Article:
This is not a spectacular dawn, as our winter dawns go, but it is richly textured and elegant.

The smaller photo, below, was the camera’s default interpretation, an average reading of the light.

In the featured photo, I reduced the light entering the camera to accommodate the brighter areas, while letting the darker area grow darker. In effect, I sacrificed detail in the shoreline opposite in order to preserve detail in the areas of interest, the brightly lit clouds and the sun. In so doing, I added drama, also.

As I have mentioned before, not the camera, not the computer screen, and certainly not a print, can be relied on always to reproduce the full brightness range of the real world, so some part of that range may have to be sacrificed. In such a case, the photographer will make an artistic decision.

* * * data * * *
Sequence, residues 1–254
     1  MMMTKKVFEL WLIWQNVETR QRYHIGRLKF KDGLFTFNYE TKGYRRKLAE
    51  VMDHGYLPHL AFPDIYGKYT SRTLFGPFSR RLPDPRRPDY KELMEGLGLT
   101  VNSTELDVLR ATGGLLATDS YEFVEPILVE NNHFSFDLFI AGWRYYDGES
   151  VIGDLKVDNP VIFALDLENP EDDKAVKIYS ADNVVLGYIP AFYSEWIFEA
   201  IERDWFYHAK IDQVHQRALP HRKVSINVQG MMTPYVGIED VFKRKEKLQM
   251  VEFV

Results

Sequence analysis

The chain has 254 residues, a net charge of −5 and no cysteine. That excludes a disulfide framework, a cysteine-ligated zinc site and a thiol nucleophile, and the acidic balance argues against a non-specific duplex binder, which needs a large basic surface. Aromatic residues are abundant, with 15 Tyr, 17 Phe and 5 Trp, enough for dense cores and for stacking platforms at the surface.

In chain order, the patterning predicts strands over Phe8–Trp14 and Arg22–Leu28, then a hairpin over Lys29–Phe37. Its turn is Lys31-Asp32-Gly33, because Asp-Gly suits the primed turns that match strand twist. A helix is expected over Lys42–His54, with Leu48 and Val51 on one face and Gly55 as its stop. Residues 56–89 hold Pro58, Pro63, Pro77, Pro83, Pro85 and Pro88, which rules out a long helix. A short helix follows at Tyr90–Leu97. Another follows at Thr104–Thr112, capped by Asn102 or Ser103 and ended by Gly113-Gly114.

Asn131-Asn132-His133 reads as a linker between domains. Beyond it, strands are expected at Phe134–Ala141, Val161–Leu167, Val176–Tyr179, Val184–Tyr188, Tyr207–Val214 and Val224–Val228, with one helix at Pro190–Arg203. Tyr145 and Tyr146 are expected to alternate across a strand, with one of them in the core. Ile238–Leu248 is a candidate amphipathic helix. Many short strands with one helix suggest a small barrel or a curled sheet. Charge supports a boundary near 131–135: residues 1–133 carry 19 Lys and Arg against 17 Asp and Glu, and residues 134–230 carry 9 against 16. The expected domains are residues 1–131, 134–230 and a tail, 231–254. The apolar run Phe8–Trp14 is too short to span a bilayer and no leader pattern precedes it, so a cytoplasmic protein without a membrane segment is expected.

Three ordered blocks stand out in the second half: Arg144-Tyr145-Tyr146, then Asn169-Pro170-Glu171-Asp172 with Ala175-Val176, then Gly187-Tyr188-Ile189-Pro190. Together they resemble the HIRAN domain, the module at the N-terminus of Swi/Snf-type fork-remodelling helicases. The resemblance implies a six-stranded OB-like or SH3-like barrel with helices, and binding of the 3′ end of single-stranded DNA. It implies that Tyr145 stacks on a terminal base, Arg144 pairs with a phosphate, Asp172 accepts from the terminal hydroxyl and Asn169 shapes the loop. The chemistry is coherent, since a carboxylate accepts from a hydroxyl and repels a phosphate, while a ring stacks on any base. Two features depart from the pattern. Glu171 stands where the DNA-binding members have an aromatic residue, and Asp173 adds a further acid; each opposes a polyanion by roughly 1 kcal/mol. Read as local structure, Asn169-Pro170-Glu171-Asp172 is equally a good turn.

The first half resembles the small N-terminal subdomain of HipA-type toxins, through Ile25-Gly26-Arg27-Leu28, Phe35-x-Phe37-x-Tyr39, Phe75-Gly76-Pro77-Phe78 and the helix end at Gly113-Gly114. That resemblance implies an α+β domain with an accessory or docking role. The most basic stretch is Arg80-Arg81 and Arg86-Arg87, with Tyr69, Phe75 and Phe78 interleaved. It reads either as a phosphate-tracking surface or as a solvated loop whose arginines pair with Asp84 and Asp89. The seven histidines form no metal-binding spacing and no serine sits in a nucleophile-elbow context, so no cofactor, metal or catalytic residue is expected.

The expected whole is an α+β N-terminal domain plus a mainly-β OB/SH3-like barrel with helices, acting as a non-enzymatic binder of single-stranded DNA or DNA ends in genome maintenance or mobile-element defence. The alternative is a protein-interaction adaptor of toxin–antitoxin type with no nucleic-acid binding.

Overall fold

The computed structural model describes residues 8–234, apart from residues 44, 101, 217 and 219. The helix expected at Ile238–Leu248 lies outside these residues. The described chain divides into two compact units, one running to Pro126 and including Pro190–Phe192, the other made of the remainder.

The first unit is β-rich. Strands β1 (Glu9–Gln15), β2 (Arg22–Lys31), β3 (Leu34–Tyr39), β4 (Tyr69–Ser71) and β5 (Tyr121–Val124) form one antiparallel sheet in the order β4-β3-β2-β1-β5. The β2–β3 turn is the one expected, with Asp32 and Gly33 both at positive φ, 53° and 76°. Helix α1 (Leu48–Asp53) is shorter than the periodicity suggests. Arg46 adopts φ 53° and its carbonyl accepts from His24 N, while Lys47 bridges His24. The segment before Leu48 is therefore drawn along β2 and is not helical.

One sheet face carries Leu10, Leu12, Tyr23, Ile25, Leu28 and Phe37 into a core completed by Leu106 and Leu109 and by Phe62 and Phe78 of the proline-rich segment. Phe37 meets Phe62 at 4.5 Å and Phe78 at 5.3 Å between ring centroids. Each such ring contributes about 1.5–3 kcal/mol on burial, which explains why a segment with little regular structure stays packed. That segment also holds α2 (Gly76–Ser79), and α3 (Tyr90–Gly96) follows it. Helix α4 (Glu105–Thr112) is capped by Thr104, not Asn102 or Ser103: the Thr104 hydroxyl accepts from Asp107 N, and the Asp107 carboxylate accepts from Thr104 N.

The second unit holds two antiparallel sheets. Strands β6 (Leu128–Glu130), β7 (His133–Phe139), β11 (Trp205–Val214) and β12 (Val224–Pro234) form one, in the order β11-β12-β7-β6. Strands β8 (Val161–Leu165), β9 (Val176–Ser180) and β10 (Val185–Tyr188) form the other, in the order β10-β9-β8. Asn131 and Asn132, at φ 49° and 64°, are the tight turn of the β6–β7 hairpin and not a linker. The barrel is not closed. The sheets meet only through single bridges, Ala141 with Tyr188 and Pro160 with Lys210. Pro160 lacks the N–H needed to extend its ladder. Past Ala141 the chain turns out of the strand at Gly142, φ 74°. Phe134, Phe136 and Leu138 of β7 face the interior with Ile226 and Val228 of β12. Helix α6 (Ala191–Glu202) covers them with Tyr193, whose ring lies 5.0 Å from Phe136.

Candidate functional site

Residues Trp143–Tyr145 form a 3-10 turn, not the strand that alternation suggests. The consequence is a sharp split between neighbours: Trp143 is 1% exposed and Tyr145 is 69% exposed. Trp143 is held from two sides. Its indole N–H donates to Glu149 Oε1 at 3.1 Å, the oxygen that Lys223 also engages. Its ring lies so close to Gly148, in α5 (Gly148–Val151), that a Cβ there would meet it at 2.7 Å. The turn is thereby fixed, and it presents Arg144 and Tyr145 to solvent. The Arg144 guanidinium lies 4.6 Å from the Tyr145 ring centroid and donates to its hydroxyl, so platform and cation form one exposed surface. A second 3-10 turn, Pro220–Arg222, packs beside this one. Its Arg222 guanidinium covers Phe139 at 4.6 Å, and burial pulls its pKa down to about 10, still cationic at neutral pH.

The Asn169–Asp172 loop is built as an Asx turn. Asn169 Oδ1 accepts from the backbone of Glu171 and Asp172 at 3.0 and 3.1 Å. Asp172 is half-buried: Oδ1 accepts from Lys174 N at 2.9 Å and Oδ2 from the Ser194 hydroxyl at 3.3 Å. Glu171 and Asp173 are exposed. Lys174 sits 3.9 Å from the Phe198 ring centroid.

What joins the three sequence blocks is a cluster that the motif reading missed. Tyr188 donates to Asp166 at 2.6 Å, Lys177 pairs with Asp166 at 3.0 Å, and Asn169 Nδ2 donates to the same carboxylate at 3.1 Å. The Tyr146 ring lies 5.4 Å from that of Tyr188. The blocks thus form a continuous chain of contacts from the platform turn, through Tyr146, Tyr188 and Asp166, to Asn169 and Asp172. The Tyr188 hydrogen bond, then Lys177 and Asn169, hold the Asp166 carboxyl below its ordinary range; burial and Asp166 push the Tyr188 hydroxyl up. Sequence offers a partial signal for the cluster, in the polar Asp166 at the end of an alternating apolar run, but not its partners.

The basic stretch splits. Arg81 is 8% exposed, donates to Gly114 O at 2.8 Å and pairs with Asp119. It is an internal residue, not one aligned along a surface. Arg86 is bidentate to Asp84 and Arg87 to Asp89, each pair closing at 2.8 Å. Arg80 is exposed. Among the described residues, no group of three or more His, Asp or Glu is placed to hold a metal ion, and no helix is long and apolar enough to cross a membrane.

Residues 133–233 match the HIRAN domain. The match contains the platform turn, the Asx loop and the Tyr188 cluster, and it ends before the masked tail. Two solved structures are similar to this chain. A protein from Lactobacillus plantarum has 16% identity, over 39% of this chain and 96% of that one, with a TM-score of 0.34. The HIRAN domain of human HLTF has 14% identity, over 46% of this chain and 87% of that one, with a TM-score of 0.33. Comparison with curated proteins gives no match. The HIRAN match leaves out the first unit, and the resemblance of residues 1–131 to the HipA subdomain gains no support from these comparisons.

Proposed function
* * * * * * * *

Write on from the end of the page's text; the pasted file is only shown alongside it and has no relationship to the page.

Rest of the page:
As I’ve argued in the past, no photograph is a literal rendering of the subject. How the light entering the camera is interpreted to form an image depends on the goal or style of the photographer, which he or she achieves through the technical means available, that is, by the settings on the camera, and by post-camera processing, if needed, in photo-editing software.

The two photos were taken a minute apart, at 7:19 and 7:20 am respectively, on February 3, 2013. Click an image to view it full screen, and click the back arrow to return. Cursor over for a description.
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Related: Spare Dawn, Tubular Dawn, Photography as Art*.

 

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